It seems unclear whether Public Service Broadcasting realise that these are not simply historical events, and that they still affect Welsh communities today – but for some boys from London, they make a valiant effort. Megan Davies

 

33. King Gizzard and the Lizard Wizard Flying Microtonal Banana

Flying Microtonal Banana is, much like its name, an album full of intrigue. The first of four albums this year released by Australian psychedelic rock outfit King Gizzard and Lizard Wizard, FMB engages in microtonal tuning. For this King Gizz played custom guitars that doubled the number of available playing notes and result in tracks that resemble traditional Eastern music, both tonally and rhythmically, with guitars frequently oscillating in pitch. Such microtonality is inherent to Middle Eastern music and yet the band still delivers an album that is accessible to all. But the outfit don’t stop there in drawing on such influences. The sound of a zurna, a trumpet found in traditional music from Central Eurasian countries pierces multiple tracks to great effect. In all, the results of such experimentation are nine long and meandering tracks that mesmerise the listener. Despite such lengthy wanderings, the tracks never feel boring thanks to the vibrancy of the guitars and the frantic and powerful drums. The vocal performance is equally strong here with Stu Mackenzie’s sometimes relaxed and easy singing providing a perfect counterbalance to the more aggressive backing. Not just an intriguing name, Flying Microtonal Banana delivers 41 minutes of captivating psychedelia from one of the most interesting bands of recent years and proves King Gizzard and the Lizard Wizard still have the ability to surprise. James Angove

 

32. Kelela Take Me Apart

Sometimes, urgent new artists explode onto the scene in a flash of technicolour, before immediately vanishing into bargain bin anonymity. Occasionally, the climb is more gradual. After releasing a stunning EP and harmonising with voices as singular as Solange and Damon Albarn, Take Me Apart finally puts Kelela where she always deserved to be; in touching distance of superstardom. It was a debut five years in the making, and each of the fourteen songs thrum with the seductive vim of a born storyteller. On LMK, industrial beats punctuate a delightful lyric about hesitant lovers, so plainspoken that you wonder whether Kelela sampled it from chatter in her local. There’s a remarkable emotional realism here, and not just in her candid vocal, which dives and skyrockets with the elasticity of early Bjork. Gorgeous RnB ballad Enough sees Kelela assuring an ex that their split had nothing to do with betrayal; it just wasn’t working. Great pop and thoughtful explorations of adult relationships aren’t natural bedfellows, but the match is seamless. And then there are the tunes, intersectional blends of electronica, trip and rich jazz phrasing. In a year defined by division, Kelela made unity seem like the most natural thing in the world. We are lucky to have her. Aaron Loose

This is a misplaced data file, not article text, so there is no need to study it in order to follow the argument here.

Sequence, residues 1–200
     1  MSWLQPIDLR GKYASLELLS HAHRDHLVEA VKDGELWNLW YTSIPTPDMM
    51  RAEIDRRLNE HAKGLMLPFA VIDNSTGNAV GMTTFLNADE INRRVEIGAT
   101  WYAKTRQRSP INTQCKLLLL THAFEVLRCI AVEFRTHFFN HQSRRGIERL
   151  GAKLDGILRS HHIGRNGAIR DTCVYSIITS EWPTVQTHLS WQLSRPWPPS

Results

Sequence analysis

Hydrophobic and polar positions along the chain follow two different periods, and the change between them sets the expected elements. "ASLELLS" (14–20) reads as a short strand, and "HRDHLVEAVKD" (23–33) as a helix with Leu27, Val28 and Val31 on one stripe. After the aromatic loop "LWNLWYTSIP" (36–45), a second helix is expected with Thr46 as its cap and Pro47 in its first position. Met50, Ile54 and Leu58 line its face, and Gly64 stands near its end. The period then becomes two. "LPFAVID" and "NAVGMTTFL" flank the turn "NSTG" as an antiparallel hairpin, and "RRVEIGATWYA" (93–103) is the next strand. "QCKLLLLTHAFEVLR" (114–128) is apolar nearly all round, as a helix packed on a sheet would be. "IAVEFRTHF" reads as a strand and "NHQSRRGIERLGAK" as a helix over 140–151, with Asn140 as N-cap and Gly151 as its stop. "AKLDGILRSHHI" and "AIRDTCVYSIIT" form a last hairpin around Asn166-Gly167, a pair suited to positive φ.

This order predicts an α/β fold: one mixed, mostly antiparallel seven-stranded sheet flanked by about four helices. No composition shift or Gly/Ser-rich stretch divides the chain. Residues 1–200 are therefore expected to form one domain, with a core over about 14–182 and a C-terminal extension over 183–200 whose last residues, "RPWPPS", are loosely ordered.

31. (Sandy) Alex G Rocket

In recent years, Alex G has evolved from a lo-fi cult figure to an eclectic musical mind worthy of the attention of artists such as Frank Ocean. His latest album, Rocket, is a shining example of Alex’s ambition, maintaining his simplistic laptop-recording approach while branching out into interesting sonic territories. He wears his Frank Ocean influence on his sleeve in tracks such as ‘Sportstar’, referencing “Nikes” and singing with a wistful, pitched-up autotuned vocal, while showcasing a more aggressive streak with the intense and industrial, ‘Brick’. Personally, I think the album shines at its softer, folkier moments. Alex has a knack for heart-felt acoustic ballads such as ‘Bobby’ and ‘Powerful Man’, two tracks I feel encapsulate the tone of the album overall. The opener, ‘Poison Root’ is a strange, noisy, Velvet Underground-inspired Folk song with cacophonous violins and layered acoustic guitars creating a near wall-of-sound effect. ‘Witch’ continues the mystical-woodland vibe of ‘Poison Root’ with a strange, harpsichord-driven chord progression. Psychedelia is rooted into the heart of the album, with trippy soundscapes and instrumentals around every corner. Not only is the production both unique and diverse, Alex’s songwriting is far more experimental than his previous work. Though not always watertight in terms of structure, the sheer ambition of these songs is commendable in and of itself. Regardless, Rocket makes for an intriguing and satisfying listen. George Stamp